Why did you decide to participate in the Hale Scholarship Initiative?

Rob Hale was a year ahead of me at Connecticut College and I remember him as the guy whose summer storage business was a lifesaver. And today, I’m grateful to Rob and his wife for creating this initiative. This scholarship effort has inspired members of the Conn community to come together to share the magic of Conn with talented individuals who otherwise wouldn’t have the opportunity.

Conn was transformative for me and I wish all people who have the academic background, talent and potential to thrive and contribute could have the same opportunity. The Hale Scholarship Initiative is the best way we can help.

Conn helped me find my voice and changed the trajectory of my life. As an Art History major, I assumed economics wasn’t for me. I tried out macroeconomics during the second semester of sophomore year. The material captivated me and so did the dynamic classroom environment where the professor encouraged lively debate. I went on to Italy to study Art History in the fall semester of my junior year and when I returned to Conn I was encouraged by my professor to take a risk and declare a second major in Economics–something that felt unachievable to me. I know I wouldn’t have had the confidence to pursue this if it weren’t for the support of my professors and the small class sizes where I felt seen and known. I graduated with a double major in Art History and Economics and went on to get an MBA and work in business, which likely would never have been an option had I not had my Economics degree.

Beyond the classroom, Conn gave me the opportunity to live in a microcosm of a real world community. I learned that complaining about a problem had no value; instead you step up and you make change happen. It’s possible at Conn, and very empowering. I think my involvement in activities outside of class were as much a part of my growth as the academics.

What possibilities do you want to ignite with your new scholarship fund?

To build a community of “doers” that’s reflective of the broader population at large, where open discourse and learning flourish.

What do you want the beneficiaries of the scholarship to know about the people the scholarship is named for: you and your spouse (Peter Crawford)?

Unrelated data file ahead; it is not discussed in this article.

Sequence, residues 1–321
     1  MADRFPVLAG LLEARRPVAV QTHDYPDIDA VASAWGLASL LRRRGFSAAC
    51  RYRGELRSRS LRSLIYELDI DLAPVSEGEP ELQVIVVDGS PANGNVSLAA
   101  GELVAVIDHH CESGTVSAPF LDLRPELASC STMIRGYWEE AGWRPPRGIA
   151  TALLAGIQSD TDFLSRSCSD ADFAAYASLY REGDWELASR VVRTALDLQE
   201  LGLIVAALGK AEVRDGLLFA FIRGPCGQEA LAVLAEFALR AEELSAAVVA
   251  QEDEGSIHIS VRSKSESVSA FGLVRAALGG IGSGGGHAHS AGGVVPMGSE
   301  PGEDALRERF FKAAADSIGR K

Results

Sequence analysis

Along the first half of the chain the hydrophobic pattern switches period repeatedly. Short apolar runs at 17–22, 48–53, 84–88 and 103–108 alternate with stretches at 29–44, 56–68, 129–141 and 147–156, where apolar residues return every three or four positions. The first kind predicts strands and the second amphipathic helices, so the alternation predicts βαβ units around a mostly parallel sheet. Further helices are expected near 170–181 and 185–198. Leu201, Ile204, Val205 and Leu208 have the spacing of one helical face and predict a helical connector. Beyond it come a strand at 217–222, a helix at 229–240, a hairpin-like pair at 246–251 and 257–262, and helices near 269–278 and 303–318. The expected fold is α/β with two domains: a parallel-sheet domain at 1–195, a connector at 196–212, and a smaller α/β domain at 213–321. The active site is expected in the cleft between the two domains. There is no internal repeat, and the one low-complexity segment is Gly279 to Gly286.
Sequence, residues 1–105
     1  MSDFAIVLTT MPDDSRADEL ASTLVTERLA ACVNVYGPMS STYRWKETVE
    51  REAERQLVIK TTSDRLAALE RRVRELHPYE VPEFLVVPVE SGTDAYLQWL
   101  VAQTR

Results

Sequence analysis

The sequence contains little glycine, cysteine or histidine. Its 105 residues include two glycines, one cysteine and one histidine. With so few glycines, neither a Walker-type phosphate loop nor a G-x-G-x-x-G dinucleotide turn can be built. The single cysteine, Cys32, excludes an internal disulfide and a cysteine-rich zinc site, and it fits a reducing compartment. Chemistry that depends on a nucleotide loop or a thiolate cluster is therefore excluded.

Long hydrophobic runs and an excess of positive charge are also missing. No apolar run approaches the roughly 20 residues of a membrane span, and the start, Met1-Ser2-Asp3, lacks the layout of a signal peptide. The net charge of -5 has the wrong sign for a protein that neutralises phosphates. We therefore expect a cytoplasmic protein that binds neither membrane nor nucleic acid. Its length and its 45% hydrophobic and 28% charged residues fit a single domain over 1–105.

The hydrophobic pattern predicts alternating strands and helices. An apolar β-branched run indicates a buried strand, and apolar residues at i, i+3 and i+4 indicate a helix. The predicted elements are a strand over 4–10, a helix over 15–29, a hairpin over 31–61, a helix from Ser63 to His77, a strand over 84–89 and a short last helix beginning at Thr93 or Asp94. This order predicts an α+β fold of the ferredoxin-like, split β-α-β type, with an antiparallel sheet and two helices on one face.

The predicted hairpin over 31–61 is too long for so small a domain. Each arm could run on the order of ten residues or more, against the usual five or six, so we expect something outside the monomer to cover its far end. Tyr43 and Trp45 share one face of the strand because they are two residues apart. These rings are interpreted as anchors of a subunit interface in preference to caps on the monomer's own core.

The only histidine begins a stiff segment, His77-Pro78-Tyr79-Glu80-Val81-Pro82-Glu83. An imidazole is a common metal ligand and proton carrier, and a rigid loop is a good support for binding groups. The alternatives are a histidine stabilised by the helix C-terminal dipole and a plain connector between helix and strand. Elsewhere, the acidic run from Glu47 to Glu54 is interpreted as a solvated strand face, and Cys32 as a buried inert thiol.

That it’s a real passion of ours to help people rise up who are in circumstances that don’t allow them to have the privileges we were given. Talent is not correlated with one’s socioeconomic situation. There are many people who have potential waiting to be unlocked. They just need a little help in the beginning to get them there.

Conn Economics Professors Visgilio and Pack opened me up to being an Art History/Economics double major. That kind of out-of-the-box study gave me the confidence to jump into the emerging internet in the late ’90s. My liberal arts background gave me the skills to solve problems by analyzing a situation through multiple lenses and Conn’s culture imbued me with the confidence and desire to take the lead and make things happen.

Why is alumni giving so important?

Four years spent at Connecticut College are some of the most formative in one’s life. We owe so much of who we are to the institution. It is our responsibility to give back and honor that impact. Alumni giving enhances Conn’s reputation, both from a participation standpoint and as a representation of the dynamic and broad set of individuals who believe in the mission of the College.

More info on the Hale Scholarship Initiative

Sarah A. Schoellkopf ’97

Schoellkopf, SarahAs a longtime language teacher at the college, high school and middle school levels, Sarah A. Schoellkopf ’97 has a deep commitment to ensuring educational opportunities for students of every age. Sarah’s own experience as an undergraduate at Connecticut College was transformational. “I have pretty severe learning differences, and the Learning Center, the predecessor to the Academic Resource Center (ARC), made me feel completely seen and supported in a way I’d never felt at my elite prep school, and the professors at Connecticut College just opened my world. The first time I really felt like I could shine with my education was at Conn.”

In recognition of her formative experience at Conn and to provide opportunities like hers for students now and well into the future, Sarah has established an endowed scholarship as part of the Hale Scholarship Initiative, doubling the impact of her gift.

“I think it’s really important to diversify a campus racially, economically, internationally and in terms of life experience. I’d like to take the burden off students and their families because everyone is working so hard. I’d like to give students the gift my parents gave to me: to be able to focus on my education and pursue opportunities that came my way because I was at Connecticut College.”